General James Mattis is out of touch with what's really going in American cities, or deliberately ignoring the violence and lawlessness taking place there in recent days, White House spokesman Hogan Gidley has suggested.
"It's obvious that the general doesn't have a clue what's going on in the American cities out there, or he's, actually worse, turned a blind eye to it," Gidley said, speaking to reporters on Thursday.
The spokesman's remarks come in the wake of blistering comments by Mattis in The Atlantic on Wednesday in which he accused the president of "not even pretend[ing] to try" to unite the American people over his time in office, and suggested that the divisions seen today are "the consequences of three years without mature leadership" in the White House.
"When I joined the military, some 50 years ago, I swore an oath to support and defend the Constitution. Never did I dream that troops taking the same oath would be ordered under any circumstance to violate the Constitutional rights of their fellow citizens - much less to provide a bizarre photo op for the elected commander-in-chief, with military leadership standing alongside," Mattis added, referring to the violent dispersal of protesters in Washington DC for the sake of a Trump photo op in front of St. John's Episcopal Church, the 200+ year old Washington landmark which had been vandalized and set on fire by rioters.
Trump shot back at Mattis in a series of tweets, suggesting that "probably the only thing Barack Obama and I have in common is that we both had the honor of firing Jim Mattis, the world's most overrated General." Accusing the Pentagon chief of failing in the tasks he'd given him, Trump added that he was "glad" he was no longer working in his administration. Mattis left his post at the Pentagon in January 2019, after Trump announced plans to withdraw US troops from Syria.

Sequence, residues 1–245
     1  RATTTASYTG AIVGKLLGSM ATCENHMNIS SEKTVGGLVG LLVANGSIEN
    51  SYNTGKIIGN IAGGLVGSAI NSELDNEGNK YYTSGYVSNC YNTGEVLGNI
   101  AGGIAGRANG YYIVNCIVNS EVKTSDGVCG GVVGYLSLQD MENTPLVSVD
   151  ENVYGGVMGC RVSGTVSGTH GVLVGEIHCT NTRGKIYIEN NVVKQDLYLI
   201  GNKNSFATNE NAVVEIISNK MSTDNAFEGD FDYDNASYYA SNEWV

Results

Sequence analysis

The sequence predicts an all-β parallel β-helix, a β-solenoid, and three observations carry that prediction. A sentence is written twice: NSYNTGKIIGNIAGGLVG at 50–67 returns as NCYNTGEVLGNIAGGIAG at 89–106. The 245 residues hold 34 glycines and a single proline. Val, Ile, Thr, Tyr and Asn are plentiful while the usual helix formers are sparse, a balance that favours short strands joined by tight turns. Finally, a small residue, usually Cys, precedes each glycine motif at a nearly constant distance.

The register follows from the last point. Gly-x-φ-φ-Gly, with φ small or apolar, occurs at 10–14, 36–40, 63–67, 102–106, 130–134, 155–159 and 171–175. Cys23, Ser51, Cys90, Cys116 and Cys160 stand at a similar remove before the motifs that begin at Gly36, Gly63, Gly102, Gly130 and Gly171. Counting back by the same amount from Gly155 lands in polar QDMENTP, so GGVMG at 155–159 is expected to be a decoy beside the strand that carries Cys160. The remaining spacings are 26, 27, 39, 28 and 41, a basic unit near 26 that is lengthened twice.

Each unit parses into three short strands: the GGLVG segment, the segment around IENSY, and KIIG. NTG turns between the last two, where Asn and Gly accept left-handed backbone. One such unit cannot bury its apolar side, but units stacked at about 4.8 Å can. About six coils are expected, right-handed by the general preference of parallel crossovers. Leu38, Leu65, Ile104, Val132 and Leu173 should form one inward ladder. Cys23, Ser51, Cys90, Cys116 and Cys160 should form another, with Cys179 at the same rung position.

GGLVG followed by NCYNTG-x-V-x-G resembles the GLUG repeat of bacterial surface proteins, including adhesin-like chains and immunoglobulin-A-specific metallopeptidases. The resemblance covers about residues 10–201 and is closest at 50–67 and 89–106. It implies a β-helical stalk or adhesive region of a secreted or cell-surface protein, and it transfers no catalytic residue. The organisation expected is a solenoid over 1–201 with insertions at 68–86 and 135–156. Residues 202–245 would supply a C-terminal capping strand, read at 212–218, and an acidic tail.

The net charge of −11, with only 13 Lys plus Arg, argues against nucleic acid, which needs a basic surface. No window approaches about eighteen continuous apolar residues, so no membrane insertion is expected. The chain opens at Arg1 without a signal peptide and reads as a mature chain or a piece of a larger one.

'All Options on the Table' Regarding Military Deployment
In his comments Thursday, Gidley warned that when it comes to using the military to quell riots across US cities, 'all options' were fair game far as President Trump is concerned.
"The American people's safety and security is the number one thing Donald Trump cares about. Period. All options are on the table," the spokesman said when asked about the possible use of active duty troops in Washington, DC specifically.
"It's the president's decision alone whether or not to invoke the Insurrection Act. He was elected," Gidley added, when asked about Secretary of Defence Mark Esper's opposition to deploying active duty troops to handle riots.
Under the Insurrection Act of 1807, the president has the authority to deploy US military and National Guard troops to suppress civil disorder, insurrection or rebellion.
Cities across the US have been hit with widespread unrest, ranging from peaceful protests to rioting, looting and large-scale arson over a white Minneapolis police officer's killing of George Floyd, a 46-year-old black man who died after being choked by the officer for eight minutes, on May 25. The protests began in Minneapolis on May 26, but quickly spread to other major US cities and abroad as activists slammed police brutality and systemic racism. However, in addition to the peaceful demonstrations, the civil disobedience also degenerated in some areas into acts of mass violence and property damage, with at least 16 people killed and thousands more arrested in confrontations between police and protesters.